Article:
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Tigers Pounce Argonauts

first_img Share Tigers Pounce Argonauts April 6, 2007 Box Score  PENSACOLA, Fla. – Mike Jeffcoat’s 100th game as head coach of West Florida (30-11; 6-4 GSC) was not as fond of a memory as he would have hoped as his Argonauts were trounced 12-2 by visiting West Alabama (27-11; 8-2 GSC) Friday night at Pelican Park on the UWF campus.The game started as a pitchers duel as starters Jonathan Weaver (Molino, Fla./ Tate HS) and Noel Baca III battled back and forth for the first five innings with West Alabama taking an early 2-0 lead.West Alabama broke the game open with a three-run sixth inning to take a 5-0 lead. The Tigers scored three runs on three hits in the inning and threatened to score more but stranded two runners on base. Todd Rea drove in the first run with an RBI single and West Alabama manufactured the other two runs on a ground out and a wild pitch.The Tigers added to their lead with five runs coming on seven hits in the seventh inning. Clark Humber, Clint Moody, Chris Gilbertsen and Dallas Rodgers all picked up RBI singles in the inning, while Rob Dahlberg smacked an RBI triple.West Florida did not score their first run until the bottom of the seventh inning. Clay Wallace (Cedar Rapids, Iowa/ Pensacola Junior College) and Logan Hundley (Gulf Breeze, Fla./ Jefferson Davis CC) got the rally started with a pair of singles. Daniel Jones (Wetumpka, Ala./ Gulf Coast CC) walked to load the bases and Jon Reed (Chesterfiled, Va./ University of Virginia-Wise) followed with a walk to score the Argonauts first run of the game.The Argonauts cut the score to 10-2 with another run in the eighth inning. Peter Antoske (Olmsted Township, Ohio/ St. Edwards HS) reached second base on a fielding error and was knocked in on a Kyle Andrews (Fort Walton Beach, Fla./ Fort Walton Beach HS) single to right field.The Tigers added two insurance runs in the top half of the ninth inning giving them the 10-run lead. Both runs were scored on a pair of home runs by Jake DeRoy and Brent Bumgarner.Weaver (4-1), reigning Gulf South Conference Pitcher of the Week, picked up his first the loss of the season tossing 5 and 1/3 innings. He allowed six runs, five earned, on six hits while striking out four batters.For West Alabama Noel Baca (6-4) received the win, pitching 7 innings and allowing only one run on four hits. He struck out eight and walked two.The Argonauts loss first lost in theri last seven games came in the first game of a double header Friday night against the TigersPrint Friendly Versionlast_img read more

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Lakers GM Mitch Kupchak is realistic about team’s goals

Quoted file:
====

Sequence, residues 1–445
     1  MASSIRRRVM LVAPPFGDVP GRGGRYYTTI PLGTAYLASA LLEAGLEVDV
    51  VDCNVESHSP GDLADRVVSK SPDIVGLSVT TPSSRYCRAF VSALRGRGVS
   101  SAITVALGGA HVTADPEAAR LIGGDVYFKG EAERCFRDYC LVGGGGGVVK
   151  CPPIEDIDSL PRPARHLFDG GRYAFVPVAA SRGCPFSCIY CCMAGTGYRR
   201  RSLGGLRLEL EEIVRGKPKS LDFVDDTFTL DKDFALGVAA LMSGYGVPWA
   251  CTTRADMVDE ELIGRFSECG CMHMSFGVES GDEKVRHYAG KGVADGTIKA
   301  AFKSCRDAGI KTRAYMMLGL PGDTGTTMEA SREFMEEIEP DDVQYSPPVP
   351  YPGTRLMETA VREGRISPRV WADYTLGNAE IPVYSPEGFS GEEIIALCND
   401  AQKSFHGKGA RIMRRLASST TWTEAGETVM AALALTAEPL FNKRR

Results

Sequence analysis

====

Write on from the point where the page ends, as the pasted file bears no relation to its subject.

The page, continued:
first_imgWith the transition from the championship or bust mentality of the Kobe Bryant era to the youth movement currently underway, the Lakers approach the new season with adjusted expectations.“There’s always going to be pressure to win, make the playoffs and win a championship. Every year that will be our goal,” Kupchak said. “But we’re realistic with where we are.” Realistically, this year is not about winning a championship. It’s about laying a foundation that will lead to one sooner rather than later.And the next six months is a critical part of that process.For the Lakers to truly take the necessary next step they must add high-end talent through free agency and trades. But before that happens, the young players they’ve assembled must develop into an attractive core.There isn’t enough money in the world to convince a Kevin Durant to invest the next five or six years of his career in a non-stable foundation.But D’Angelo Russell and Jordan Clarkson and Julius Randle might entice him to come aboard if they show they can be an exciting group moving forward.The Lakers’ future success depends it.The upcoming season might reveal if they are — or aren’t.“I’d like our young players to prosper and show promise so we can develop a core going forward. That’s something to build on,” Kupchak said. “Off the top of my head, that’s D’Angelo, Julius and Jordan [Clarkson]. We want our core to develop so that the blueprint can follow that next step, which is to add more talent next year. Which brings us to the steady sound of basketballs bouncing off the floor from the nearby gym. It’s been a consistent hum for more than six weeks now, with youngsters like Jordan and Russell and Randle and Larry Nance Jr. and Anthony Brown and a mix of veterans spending their mornings and afternoons working out together.The long-timers at Lakers headquarters will tell you they don’t remember an offseason in which players spent so much time at the facility. There were plenty of days that the young Lakers beat staff members to the office, then stayed throughout the day honing their games.They were working on post development and intermediate games and conditioning. But they were also developing chemistry and pushing each other and reaching out to coaches for tips and advice and instruction.And throughout the building, the feeling of youthful excitement was unmistakable.And it rose all the way to Kupchak’s office overlooking the practice court.“We’ve not had this kind of activity every day in this building with the kind of energy for as long as I’ve been here,” Kupchak said. “Our coaches have been here and available to rebound. The players just show up. They’re all out there working and asking our coaches, ‘Can you work with me on this? Can you work with me on that? I’m not talking two or three guys. Every day for the last four or five weeks, we’ve had players out there. That’s encouraging”In the whole scheme of things, it might mean very little, of course.The Lakers either struck gold drafting Russell and Randle and Clarkson or they didn’t.And while the past six weeks did nothing to answer that critical question, it reveals quite a bit about who these young players are at their core.It’s one thing to be a tantalizingly talented young player.Quite another to be talented with a world-champion work ethic and an insatiable appetite to get better.While we can’t possibly know yet what Clarkson and Russell and Randle are in terms of NBA talent, it’s safe to say they have the work ethic part down pat.Kupchak said he can’t remember a young player who pushed himself as hard as Clarkson did this offseason, until pausing and saying Randle worked every bit as hard as his second-year teammate.In that respect, the Lakers struck gold.Now they have to turn work ethic into production.It won’t mean hoisting a championship trophy next June.But if it helps the Lakers lure a big-time free agent next July, it was a successful season. The unmistakable sound of basketballs bouncing off hard wood could be heard from the Lakers’ practice facility court Thursday. Inside an adjacent room, general manager Mitch Kupchak was holding his annual state of the Lakers address with local reporters. Training camp was a few days away. A new season beckoned. And Kupchak was laying out his thoughts.It wasn’t all that long ago he would have drawn a distinct line in the sand separating what he considered a successful Lakers season from a completely wasted one. Success meant hoisting a championship trophy in mid-June.A complete waste meant falling short of that objective. One or the other.Joy or pain.But that was then and this is now.• VIDEO: Kupchack on Lakers heading into preseasonAnd the relatively short passage of time in between has resulted in a world we don’t quite recognize but a reality we must soon grow accustomed to.center_img Newsroom GuidelinesNews TipsContact UsReport an Errorlast_img read more